I can only recommend establishing play with chess clocks. They’re easy to handle and if both players remind each other to press the button there are no hick ups. A regular chess clock costs about 20 dollars.
    The chess clock itself makes people play way faster, at first because of fear of repercussions and later because they have practised to do so.

    • Reecius February 5, 2018 5:02 pm #

      Yeah, we keep taking about chess clocks but haven’t implemented them, yet.

      • zero-charisma February 5, 2018 10:33 pm #

        Please don’t. It sounds horribly unfun.

        • Shas’O February 6, 2018 3:36 am #

          We use chess clocks. After a couple games you get used to them and it’s not a pain at all. They force folks to pay attention, plan ahead, and be quick about things.

      • V1234 February 7, 2018 1:23 pm #

        Probably only need them for serious matches, not every single one, so once you get to the upper bracket and latter rounds where stakes are higher

  11. Darthdiggler February 5, 2018 4:34 pm #

    Slow play has been part of the higher levels of the game for a long time, long time. It is a weapon incorporated into your army build to be used against certain list types. Battle points only helps mitigate it a little, but then so many people want wins to be wins and tabling shouldn’t be better than a squeaker. I get that. I was always a big proponent of that in the mid 2000’s. But now more people are seeing how powerful the slow play weapon can be.

    If you want to eliminate slow play as a weapon you have to hit both players where it hurts. A win to completion (turn 5 or tabling) nets the winner 1 point win and the loser a 0 point lose. A win that results from a game that does not finish… the winner gets 0.75 points in wins and the loser gets -0.25 points in wins. A negative lose. Aaron and Tony (teammates from Chicago who learn a lot of the same tricks together) won’t be so satisfied to take their 3 turn victory if it is not going to count in full.

    Both players will have to take the hit in order to ensure they both have a vested interest in the game finishing to completion. Obvious slow play can still be brought to the attention of the judge, who I agree in the podcast should transition to a referee.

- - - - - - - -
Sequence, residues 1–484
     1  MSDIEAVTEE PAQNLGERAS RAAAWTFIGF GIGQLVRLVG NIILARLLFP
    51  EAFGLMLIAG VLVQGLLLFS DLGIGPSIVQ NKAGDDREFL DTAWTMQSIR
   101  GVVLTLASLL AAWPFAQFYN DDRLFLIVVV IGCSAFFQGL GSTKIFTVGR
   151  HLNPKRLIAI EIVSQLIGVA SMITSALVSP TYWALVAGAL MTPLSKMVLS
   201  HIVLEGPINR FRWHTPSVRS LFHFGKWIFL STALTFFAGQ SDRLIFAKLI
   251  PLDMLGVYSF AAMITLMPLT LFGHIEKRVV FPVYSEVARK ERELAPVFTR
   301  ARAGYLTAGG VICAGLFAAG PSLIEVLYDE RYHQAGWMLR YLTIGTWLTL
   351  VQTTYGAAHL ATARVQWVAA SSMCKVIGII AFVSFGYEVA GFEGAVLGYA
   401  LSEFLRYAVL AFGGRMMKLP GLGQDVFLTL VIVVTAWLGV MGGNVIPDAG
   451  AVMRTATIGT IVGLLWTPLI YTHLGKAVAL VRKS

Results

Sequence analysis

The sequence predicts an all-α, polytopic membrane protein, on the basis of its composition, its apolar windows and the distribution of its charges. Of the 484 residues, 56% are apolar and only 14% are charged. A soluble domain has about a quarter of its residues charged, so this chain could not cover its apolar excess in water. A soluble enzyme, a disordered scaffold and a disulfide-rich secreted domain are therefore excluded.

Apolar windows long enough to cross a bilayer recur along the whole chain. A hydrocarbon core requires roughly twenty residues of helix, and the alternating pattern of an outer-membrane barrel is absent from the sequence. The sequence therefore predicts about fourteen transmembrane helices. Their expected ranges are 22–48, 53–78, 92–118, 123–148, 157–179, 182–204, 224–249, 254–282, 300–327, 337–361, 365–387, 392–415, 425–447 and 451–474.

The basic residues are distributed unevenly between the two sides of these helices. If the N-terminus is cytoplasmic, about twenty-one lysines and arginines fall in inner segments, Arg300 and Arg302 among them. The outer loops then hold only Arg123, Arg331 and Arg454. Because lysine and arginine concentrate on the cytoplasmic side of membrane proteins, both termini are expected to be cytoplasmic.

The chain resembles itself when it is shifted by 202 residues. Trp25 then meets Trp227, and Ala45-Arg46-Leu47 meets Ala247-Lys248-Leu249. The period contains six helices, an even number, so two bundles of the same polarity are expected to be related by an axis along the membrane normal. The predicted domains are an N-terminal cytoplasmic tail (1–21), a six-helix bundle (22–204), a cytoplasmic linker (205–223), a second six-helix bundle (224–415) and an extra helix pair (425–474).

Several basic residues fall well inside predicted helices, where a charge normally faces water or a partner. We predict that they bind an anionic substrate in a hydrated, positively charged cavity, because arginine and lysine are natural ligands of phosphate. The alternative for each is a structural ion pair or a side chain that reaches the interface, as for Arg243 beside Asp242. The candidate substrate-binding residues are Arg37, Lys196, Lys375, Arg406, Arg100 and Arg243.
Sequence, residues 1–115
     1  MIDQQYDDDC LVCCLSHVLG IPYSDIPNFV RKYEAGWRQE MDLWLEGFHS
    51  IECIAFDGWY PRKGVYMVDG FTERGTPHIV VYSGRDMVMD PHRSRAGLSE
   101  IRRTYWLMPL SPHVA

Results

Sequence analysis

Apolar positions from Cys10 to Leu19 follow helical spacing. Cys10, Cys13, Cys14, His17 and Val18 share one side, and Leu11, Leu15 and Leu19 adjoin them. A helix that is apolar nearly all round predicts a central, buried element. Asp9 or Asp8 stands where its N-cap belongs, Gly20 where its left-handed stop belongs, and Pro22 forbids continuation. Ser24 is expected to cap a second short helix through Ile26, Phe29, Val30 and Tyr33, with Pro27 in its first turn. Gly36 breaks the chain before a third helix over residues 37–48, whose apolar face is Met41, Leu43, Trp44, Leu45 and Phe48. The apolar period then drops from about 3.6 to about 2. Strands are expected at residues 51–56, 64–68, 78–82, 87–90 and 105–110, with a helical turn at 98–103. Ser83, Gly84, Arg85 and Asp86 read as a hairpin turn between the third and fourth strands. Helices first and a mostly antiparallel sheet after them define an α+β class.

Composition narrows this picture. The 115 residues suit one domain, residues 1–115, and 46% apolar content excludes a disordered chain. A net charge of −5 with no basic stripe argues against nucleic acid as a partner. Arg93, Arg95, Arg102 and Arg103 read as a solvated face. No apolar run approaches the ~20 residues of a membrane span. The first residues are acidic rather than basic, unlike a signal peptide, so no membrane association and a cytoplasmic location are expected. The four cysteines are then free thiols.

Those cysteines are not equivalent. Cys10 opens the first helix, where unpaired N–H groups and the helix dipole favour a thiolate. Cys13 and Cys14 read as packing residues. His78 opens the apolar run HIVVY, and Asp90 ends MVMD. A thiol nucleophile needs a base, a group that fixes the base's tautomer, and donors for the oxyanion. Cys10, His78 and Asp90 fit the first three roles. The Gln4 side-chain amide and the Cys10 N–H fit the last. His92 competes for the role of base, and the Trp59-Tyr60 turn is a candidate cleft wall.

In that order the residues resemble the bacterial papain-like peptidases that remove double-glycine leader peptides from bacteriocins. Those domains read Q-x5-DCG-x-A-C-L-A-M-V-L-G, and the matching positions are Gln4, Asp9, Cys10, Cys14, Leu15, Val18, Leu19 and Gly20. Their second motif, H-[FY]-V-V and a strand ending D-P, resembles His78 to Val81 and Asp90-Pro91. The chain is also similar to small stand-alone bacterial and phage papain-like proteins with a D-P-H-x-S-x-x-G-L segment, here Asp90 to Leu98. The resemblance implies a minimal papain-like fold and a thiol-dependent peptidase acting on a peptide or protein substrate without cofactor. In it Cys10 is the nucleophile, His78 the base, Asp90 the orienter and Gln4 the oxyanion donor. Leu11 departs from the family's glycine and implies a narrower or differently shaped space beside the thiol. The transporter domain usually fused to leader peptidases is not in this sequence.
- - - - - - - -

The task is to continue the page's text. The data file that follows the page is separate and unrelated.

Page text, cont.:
The effect of this separation will have chronically slow players congealed to the lowest brackets together, lower than faster players who just lose their games. Slow winners will find themselves on the outside looking into the top tables with a better chance to bust into the top 8 than a player who has taken a draw (0.5 points), but the lower win score will serve as a warning that you had better speed up in the future.

    • Dbiesto February 5, 2018 9:26 pm #

      Awarding people negative points and lower points for not completing games would turn a lot of players off. Players would stop actually playing past turn 1 and just start estimating everything, so instead of a game where you interaft, after the first turn you negotiate what will die and what will live and where points will be awarded each turn.

      Give the game 2:45 or even 3 hours with players having to bring their own chess clocks and the games would finish for the most part. Horde players: use movement trays or most wont get to turn 3.

      High dice players: get ready to talk to TO to have the dice app approved so a player cant turn down the use of a tool to speed up gMe play.

      • Peter de Florio February 6, 2018 11:12 am #

        Awarding partial points for unplayed turns is a far more elegant solution.

        It’s real simple.

        Circle unfinished turns you each get 2 points per turn.

        It fixed a lot of issues.